[eDebate] Even more mutual

Michael Kloster kloster
Tue Nov 21 20:10:23 CST 2006


I posted this idea back in April. It didn't receive any comment back
then, so I pretty much dropped it. I'm posting it again since the topic
of MPJ came up again. Let me know if you think this would be an improvement.

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Ideally, in any given debate, both teams will look at the judge assigned
and will have full faith that the judge will make a fair and accurate
decision. Mutual preference judge placement strives to make this happen
as often as possible.

Currently, judge preference selections are made without consideration
for the side of the resolution the participant will be debating, nor the
participant's opponent. This leads to a situation where for a specific
debate if you look at the preference sheets a judge placement may be
exactly mutual (say a 1-1 placement) but in fact, one team believes that
the assigned judge gives an advantage to their opponent.

The solution is to allow judge preference selections to be
differentiated based on which side of the resolution a participant will
be on and who their opponent will be.

Examples:

1) I may rank a judge 5 when I'm aff, but 1 when I'm neg.
2) I might rank a judge 1 in general but 8 if I'm debating against team Y.
3) I might rank a judge 1 if I'm debating team Y on the neg, but 8 if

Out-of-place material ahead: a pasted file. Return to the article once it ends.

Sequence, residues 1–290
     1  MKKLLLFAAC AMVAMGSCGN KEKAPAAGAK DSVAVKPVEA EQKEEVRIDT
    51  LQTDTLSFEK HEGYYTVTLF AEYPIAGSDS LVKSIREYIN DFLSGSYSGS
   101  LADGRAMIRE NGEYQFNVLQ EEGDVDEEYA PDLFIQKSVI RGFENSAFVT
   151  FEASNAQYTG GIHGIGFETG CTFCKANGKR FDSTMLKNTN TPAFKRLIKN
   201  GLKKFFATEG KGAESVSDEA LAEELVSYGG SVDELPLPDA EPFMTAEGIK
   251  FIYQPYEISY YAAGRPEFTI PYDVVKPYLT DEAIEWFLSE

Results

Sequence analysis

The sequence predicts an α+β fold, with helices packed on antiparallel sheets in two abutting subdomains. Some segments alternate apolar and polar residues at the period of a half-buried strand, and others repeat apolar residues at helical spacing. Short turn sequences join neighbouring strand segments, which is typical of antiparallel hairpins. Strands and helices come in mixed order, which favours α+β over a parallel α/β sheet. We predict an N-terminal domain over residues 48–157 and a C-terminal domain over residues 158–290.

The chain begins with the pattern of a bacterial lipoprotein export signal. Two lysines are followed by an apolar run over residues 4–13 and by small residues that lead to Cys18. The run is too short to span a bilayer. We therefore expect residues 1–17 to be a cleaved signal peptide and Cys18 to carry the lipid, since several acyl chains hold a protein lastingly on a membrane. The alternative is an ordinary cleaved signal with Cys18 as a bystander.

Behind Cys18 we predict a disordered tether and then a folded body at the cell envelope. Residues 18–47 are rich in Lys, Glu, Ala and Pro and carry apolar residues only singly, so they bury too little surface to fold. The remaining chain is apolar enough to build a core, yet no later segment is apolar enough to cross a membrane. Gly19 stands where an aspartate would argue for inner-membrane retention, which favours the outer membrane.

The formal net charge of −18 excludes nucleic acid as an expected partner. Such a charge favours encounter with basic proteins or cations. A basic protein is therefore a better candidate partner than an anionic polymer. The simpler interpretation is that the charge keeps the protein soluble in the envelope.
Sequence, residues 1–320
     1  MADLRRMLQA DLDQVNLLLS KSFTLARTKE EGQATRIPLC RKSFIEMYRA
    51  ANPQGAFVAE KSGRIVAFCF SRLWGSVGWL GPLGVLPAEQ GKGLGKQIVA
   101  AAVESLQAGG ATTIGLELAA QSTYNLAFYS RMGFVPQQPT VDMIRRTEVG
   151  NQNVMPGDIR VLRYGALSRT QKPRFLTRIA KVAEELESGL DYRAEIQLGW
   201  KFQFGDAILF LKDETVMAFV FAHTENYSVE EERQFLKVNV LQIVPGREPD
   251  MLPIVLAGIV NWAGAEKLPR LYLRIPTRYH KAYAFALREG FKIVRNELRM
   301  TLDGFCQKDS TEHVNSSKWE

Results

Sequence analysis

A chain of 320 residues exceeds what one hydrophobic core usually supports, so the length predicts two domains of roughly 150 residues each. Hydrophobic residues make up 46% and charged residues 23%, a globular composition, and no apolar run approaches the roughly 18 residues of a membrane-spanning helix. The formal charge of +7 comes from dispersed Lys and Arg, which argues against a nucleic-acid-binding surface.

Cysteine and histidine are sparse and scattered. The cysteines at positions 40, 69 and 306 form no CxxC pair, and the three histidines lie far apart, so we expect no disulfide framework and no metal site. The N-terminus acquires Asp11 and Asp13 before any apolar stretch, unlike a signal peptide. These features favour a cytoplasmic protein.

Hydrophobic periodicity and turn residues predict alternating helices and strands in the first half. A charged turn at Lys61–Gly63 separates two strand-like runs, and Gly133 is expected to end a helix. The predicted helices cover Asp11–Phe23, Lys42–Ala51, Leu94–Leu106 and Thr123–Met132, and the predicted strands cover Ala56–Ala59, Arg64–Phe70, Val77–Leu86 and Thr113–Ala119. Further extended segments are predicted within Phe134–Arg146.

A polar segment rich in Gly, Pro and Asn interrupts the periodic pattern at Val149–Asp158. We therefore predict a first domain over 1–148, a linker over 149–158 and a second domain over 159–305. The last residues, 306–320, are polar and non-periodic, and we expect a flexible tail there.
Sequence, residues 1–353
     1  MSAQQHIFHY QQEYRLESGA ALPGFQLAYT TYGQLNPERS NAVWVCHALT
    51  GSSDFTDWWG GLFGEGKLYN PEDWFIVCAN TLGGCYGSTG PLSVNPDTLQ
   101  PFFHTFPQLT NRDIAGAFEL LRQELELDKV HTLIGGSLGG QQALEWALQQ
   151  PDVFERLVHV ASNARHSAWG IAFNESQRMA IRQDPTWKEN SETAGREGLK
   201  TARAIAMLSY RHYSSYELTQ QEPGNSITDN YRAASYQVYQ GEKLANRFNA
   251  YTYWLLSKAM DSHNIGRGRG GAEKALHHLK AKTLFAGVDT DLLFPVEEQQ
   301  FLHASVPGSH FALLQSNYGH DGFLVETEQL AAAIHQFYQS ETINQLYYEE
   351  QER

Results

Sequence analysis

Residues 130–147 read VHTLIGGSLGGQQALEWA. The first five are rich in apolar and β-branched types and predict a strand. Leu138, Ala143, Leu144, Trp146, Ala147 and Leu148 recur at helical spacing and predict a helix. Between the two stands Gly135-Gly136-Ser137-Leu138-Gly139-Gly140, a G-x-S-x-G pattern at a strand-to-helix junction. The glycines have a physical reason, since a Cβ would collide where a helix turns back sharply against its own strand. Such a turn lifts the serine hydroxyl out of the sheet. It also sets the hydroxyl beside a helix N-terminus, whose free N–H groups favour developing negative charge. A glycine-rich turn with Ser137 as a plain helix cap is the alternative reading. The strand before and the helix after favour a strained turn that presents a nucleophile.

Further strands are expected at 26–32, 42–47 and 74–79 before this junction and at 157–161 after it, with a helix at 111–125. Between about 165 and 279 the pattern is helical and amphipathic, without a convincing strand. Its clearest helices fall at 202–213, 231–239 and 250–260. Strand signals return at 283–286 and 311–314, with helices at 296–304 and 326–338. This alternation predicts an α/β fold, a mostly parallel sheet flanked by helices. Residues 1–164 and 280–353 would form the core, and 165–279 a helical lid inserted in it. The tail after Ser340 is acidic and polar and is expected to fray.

I'm debating against team Y on the aff.

By allowing consideration of side and opponent the judge placement
system can do a much better job of placing actually mutually preferred
judges in particular debates.

Since doing preference sheets is time consuming, software would be
needed to make such a system feasible. For example, I can imagine a
website with a complete list of judges and teams of debaters.
Participants can log in to the site to maintain their judge preference
sheet. The sheet can be completed once and reused for each tournament.
It could be updated throughout the season as needed. On the preference
sheet, each judge could be ranked in general. Participants would have
the option to override their general preference to take into
consideration side and opponent. With such software, the time required
to complete preferences before a tournament could be even less than it
is now, even though you have more options.

Adding consideration for side of the resolution and opponent makes sense
regardless of the preference system whether ABCX, 1-9, ordinal ranking,
or the new system of judge grading (1-100).

This suggestion is purely in the "idea phase". The software to include
side of the resolution and opponent when considering preference is
probably a ways out. I'd like to know if anyone is interested.

Michael Kloster




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